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What is Antigonon?

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  • Written By: Alex Tree
  • Edited By: Melissa Wiley
  • Last Modified Date: 08 December 2016
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Antigonon, also called coral vine, queen’s wreath, or cadena de amor, is a genus of climbing plants from the family Polygonaceae. This small genus includes the common species Antigonon guatimalense, cinerascens, and leptopus. Cultivation of these plants is widespread in the tropics and sub-tropic regions, particularly in the Americas, India, and the Philippines. They are used as food sources, herbal plants to treat certain medical ailments, and ornamental plants because of their abundant and colorful flowers. These plants are vulnerable to cold temperatures, but they flourish in sunny conditions and may exhibit invasive growth.

The species of this genus mostly share the same characteristics. Their tendrils grow rapidly and intertwine with any objects within their vicinity. They can grow to a length of 30 to 40 ft (9 to 12 m). These plants have dark green, hairy or pubescent, heart-shaped leaves that are 4 in (12 cm) wide, along with pink, red, or white flowers that grow in bunches. The petals surround a cone-shaped, nut-like fruit.

Unlike leptopus and guatimalense, Antigonon cinerascens display flowers with yellow instead of red hues. Both the cinerascens and leptopus have orange or red anthers, while guatimalense has black anthers, as well as broader leaves and denser pubescence. The flowers of guatimalense have ruffled edges, while those of cinerascens and leptopus are smooth.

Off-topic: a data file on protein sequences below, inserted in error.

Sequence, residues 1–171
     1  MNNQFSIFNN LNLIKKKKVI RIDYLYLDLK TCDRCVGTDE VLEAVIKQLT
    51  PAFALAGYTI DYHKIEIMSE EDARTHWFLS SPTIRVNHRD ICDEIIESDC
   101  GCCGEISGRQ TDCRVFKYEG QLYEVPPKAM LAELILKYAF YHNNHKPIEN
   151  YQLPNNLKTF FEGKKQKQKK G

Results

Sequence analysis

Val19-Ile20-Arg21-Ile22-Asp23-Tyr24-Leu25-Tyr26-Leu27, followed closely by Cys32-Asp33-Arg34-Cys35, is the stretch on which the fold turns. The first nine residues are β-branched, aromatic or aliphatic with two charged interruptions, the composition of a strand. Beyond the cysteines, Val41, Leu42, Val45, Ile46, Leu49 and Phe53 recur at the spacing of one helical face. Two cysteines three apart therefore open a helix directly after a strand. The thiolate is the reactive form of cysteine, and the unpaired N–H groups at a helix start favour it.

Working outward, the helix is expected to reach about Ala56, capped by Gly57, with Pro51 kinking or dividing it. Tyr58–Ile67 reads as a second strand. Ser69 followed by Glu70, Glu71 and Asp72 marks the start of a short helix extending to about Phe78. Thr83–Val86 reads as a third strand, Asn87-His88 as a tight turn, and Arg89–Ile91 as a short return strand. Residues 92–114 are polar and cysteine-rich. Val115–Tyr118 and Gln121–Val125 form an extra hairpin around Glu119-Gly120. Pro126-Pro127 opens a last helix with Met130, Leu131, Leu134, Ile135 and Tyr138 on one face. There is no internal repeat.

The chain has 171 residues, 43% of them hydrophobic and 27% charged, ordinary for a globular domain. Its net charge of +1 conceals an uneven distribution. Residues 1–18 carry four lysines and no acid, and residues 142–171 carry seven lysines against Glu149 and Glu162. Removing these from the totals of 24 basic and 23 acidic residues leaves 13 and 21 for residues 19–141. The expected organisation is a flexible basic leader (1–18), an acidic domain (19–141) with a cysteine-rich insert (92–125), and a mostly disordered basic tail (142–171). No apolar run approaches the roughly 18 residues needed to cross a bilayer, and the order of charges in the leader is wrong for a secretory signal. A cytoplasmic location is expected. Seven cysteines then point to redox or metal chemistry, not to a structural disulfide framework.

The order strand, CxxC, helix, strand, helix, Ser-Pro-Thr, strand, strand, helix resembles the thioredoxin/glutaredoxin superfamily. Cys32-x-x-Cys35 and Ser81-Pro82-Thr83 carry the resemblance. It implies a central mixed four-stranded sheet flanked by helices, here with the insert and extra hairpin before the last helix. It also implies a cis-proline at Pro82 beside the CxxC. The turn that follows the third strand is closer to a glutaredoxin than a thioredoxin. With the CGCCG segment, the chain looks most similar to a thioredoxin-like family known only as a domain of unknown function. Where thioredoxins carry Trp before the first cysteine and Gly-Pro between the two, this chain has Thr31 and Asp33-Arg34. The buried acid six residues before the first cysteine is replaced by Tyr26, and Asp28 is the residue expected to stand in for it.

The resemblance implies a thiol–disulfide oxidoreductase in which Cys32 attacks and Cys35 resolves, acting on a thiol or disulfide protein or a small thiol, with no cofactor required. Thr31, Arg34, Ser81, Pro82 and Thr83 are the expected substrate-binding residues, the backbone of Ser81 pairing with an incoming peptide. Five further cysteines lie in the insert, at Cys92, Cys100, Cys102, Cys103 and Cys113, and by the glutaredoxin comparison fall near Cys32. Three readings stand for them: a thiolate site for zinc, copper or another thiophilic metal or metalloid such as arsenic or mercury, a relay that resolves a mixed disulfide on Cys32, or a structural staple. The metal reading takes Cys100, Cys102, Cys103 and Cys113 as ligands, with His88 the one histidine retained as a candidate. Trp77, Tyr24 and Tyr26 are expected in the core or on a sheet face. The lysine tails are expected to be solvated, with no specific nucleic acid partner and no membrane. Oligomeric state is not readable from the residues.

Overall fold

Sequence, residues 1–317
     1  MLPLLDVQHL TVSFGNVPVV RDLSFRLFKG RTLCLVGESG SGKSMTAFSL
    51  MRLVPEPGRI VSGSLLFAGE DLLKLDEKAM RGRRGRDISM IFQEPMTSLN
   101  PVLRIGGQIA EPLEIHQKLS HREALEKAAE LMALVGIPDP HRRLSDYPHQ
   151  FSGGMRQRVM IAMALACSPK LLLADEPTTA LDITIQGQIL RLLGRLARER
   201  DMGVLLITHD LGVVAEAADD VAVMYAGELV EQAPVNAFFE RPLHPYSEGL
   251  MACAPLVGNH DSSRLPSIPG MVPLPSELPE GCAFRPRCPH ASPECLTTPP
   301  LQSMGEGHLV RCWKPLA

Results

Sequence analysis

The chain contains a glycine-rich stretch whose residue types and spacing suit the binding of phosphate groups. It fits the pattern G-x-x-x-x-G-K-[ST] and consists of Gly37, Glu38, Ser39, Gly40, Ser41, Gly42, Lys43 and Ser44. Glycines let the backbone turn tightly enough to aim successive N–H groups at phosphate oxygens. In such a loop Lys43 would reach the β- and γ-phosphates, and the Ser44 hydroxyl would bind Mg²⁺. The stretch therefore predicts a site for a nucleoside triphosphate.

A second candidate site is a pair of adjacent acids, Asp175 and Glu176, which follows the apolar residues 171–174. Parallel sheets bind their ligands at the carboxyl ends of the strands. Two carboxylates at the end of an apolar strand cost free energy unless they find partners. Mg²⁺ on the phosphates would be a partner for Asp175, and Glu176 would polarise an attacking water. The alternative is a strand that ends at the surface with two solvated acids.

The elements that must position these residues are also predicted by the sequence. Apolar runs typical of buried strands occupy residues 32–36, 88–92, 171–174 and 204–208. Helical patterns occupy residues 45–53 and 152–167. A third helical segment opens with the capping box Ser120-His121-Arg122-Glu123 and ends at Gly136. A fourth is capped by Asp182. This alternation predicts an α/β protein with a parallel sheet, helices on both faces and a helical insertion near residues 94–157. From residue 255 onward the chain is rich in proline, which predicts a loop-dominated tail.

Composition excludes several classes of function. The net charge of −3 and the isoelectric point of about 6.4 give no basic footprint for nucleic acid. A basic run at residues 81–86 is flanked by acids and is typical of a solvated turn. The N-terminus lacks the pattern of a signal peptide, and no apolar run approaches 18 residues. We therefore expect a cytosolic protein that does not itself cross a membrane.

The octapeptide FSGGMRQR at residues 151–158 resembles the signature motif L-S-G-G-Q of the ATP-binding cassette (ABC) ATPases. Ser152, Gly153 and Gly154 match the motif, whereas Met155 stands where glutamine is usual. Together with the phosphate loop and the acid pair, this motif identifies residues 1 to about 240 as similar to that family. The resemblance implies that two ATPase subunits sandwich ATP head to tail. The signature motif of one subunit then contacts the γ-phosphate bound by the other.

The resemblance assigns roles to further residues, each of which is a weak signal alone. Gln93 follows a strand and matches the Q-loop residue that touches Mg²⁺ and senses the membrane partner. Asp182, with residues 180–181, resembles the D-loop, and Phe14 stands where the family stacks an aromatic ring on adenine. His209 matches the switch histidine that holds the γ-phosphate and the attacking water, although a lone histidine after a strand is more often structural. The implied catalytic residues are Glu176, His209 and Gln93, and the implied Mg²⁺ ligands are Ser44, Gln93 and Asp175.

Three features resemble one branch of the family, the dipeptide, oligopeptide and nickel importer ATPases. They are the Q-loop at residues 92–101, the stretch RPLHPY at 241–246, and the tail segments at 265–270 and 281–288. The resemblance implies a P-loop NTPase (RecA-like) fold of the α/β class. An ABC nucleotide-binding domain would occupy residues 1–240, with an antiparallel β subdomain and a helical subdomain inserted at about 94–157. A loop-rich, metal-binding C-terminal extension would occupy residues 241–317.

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Antigonon is used by some gardeners as an ornamental plant. Many butterflies and bees are attracted to its brightly colored flowers, which aid in their rapid propagation. Their bright and dense flowers are used in flower arrangements and decorations. Gardeners and landscapers use them as coverings for fences, trellises, and arbors because of their thick foliage to provide privacy and shade for other plants. They can thrive in urban environments because of their overall hardiness and ability to withstand pollution and poor soil.

In some countries in South America and Asia, Antigonon tubers and flowers are consumed. The aerial parts like the leaves, flowers, and stems are used to prepare concoctions to alleviate pain and cold symptoms. Extracts from various parts of the plant have shown anti-inflammatory, analgesic, and anti-diabetic properties in some studies.

The vining behavior of these plants is at its most aggressive in places where there is plenty of sunshine all year round. Antigonon tolerates moist or dry soil and sunny or shady areas. It withers and dies during winter season due to cold damage, but it quickly sprouts back once the conditions are warmer. The fast growing behavior and general hardiness of these plants have caused them to become a problematic weed in many areas of the world. Regular pruning can prevent them from spreading to take over other plants.

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